On February 8, 1867, the first meeting of the nation’s first foundation was called to order. One hundred forty five years later, its legacy remains embedded in American philanthropy.
The Peabody Education Fund, established with a $2 million gift from philanthropist George Peabody, was created for the purpose of encouraging education in the post-Civil War American south. During the fund’s existence, its trustees distributed more than $3.5 million in southern states. Liquidated in the 1890s, the majority of the fund was used to establish what is now Vanderbilt University’s George Peabody College for Teachers.
The indirect legacy of the Peabody Educational Fund is equally notable. The original Board of Trustees, selected by George Peabody himself, was comprised of Governors from the north and the south, marking one of the first collaborative efforts since the onset of the Civil War. The first educational philanthropy, the fund also served as a model for future efforts to improve education in America.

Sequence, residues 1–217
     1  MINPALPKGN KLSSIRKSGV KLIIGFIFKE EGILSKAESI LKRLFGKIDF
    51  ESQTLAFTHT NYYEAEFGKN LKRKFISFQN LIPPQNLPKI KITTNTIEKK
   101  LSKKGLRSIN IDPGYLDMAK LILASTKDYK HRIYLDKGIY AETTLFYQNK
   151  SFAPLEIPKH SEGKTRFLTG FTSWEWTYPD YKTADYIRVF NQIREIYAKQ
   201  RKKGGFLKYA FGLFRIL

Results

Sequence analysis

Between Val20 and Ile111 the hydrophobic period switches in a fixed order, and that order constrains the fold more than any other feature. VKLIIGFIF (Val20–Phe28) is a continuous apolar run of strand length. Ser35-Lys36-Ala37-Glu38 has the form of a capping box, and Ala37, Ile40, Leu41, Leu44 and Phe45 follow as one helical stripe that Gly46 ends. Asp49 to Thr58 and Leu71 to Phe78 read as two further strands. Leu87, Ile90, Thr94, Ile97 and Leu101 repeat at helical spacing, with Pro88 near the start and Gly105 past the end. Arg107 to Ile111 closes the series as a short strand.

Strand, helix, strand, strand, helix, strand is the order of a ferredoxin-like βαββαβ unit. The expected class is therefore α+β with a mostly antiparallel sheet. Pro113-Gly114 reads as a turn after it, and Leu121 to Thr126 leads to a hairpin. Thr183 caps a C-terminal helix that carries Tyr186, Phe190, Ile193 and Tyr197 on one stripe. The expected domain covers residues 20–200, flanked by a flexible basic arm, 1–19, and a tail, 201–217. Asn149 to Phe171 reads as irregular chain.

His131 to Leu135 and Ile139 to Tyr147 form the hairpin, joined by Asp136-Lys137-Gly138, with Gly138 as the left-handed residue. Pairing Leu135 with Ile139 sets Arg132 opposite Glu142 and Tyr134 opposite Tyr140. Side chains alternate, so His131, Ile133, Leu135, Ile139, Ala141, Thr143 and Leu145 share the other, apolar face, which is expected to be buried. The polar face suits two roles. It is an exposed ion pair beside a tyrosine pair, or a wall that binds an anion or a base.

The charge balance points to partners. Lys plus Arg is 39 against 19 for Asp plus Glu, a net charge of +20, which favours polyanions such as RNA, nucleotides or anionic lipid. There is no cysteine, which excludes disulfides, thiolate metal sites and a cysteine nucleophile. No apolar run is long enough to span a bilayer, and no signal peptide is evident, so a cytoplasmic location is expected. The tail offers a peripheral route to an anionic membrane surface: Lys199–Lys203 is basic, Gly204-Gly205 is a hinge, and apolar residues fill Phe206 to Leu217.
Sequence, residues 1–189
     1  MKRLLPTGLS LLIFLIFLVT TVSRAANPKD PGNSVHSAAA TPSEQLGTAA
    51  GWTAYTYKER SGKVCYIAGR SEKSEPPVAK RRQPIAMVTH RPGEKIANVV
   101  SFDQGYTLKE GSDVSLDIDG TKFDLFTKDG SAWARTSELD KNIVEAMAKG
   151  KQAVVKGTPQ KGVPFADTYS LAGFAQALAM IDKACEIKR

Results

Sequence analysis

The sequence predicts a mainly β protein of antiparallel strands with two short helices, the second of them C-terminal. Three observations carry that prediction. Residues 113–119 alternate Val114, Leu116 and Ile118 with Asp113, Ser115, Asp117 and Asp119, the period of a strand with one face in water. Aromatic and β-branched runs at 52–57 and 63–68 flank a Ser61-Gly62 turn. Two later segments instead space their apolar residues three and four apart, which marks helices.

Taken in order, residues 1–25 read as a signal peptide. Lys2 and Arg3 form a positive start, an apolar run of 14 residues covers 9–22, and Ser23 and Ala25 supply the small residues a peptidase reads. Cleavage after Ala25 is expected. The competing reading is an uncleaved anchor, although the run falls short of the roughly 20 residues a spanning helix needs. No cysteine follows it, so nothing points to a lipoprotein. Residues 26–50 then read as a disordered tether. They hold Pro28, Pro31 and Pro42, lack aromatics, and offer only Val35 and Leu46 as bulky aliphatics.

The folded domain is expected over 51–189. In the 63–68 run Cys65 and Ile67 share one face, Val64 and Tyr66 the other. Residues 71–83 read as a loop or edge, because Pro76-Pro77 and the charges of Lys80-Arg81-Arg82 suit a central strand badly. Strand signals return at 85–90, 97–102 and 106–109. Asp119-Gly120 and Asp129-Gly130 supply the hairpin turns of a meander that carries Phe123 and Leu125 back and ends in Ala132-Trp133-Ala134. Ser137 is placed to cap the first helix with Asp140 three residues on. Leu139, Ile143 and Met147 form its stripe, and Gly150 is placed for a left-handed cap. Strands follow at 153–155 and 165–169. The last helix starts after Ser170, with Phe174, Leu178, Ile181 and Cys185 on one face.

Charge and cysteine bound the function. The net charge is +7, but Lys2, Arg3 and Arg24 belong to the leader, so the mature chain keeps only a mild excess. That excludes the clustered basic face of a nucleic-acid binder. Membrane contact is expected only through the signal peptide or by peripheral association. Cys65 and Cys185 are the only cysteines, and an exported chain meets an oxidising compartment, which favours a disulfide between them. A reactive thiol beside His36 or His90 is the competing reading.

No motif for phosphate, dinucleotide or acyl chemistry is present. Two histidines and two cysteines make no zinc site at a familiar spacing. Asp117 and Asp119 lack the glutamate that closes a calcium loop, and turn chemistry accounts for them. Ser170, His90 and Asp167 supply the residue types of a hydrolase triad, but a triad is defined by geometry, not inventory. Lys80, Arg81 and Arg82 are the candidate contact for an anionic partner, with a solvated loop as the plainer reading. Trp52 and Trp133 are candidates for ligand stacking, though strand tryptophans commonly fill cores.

George Peabody is said to have influenced his friends, Johns Hopkins and Enoch Pratt, to establish the famed institutions still in existence that bear their respective names. Other American philanthropists through time, including Rockefeller, Carnegie and Gates, have also cited Peabody and his model for charitable giving as inspiration for their own giving. George Peabody is considered to be the father of modern philanthropy. His aims were to improve society, promote education, and provide the poor with the means to help themselves.
The Peabody Education Fund organized to establish a permanent system of public education on the South and to enlarge the number of qualified teachers in the region. The Peabody Fund allocated millions of dollars in support of African American schools, as well as to support the growth of public schools for Blacks and Whites across the South.